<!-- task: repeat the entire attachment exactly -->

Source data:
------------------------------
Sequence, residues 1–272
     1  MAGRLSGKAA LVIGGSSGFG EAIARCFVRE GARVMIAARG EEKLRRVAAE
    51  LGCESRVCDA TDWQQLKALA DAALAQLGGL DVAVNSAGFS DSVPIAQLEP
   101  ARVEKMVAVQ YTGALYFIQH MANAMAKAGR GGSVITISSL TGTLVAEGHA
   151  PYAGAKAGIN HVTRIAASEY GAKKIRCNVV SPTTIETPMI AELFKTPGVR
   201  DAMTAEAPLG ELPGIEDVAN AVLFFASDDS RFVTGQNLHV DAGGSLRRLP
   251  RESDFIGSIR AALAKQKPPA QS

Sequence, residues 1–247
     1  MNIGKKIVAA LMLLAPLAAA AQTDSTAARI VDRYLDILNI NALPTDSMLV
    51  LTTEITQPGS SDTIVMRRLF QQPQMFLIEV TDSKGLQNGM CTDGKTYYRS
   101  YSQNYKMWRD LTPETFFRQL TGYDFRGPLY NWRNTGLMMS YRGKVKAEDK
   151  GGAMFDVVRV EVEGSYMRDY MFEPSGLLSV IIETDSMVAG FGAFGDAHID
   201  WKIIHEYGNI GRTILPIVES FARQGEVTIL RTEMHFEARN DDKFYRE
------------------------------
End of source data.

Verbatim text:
Sequence, residues 1–272
     1  MAGRLSGKAA LVIGGSSGFG EAIARCFVRE GARVMIAARG EEKLRRVAAE
    51  LGCESRVCDA TDWQQLKALA DAALAQLGGL DVAVNSAGFS DSVPIAQLEP
   101  ARVEKMVAVQ YTGALYFIQH MANAMAKAGR GGSVITISSL TGTLVAEGHA
   151  PYAGAKAGIN HVTRIAASEY GAKKIRCNVV SPTTIETPMI AELFKTPGVR
   201  DAMTAEAPLG ELPGIEDVAN AVLFFASDDS RFVTGQNLHV DAGGSLRRLP
   251  RESDFIGSIR AALAKQKPPA QS

Sequence, residues 1–247
     1  MNIGKKIVAA LMLLAPLAAA AQTDSTAARI VDRYLDILNI NALPTDSMLV
    51  LTTEITQPGS SDTIVMRRLF QQPQMFLIEV TDSKGLQNGM CTDGKTYYRS
   101  YSQNYKMWRD LTPETFFRQL TGYDFRGPLY NWRNTGLMMS YRGKVKAEDK
   151  GGAMFDVVRV EVEGSYMRDY MFEPSGLLSV IIETDSMVAG FGAFGDAHID
   201  WKIIHEYGNI GRTILPIVES FARQGEVTIL RTEMHFEARN DDKFYRE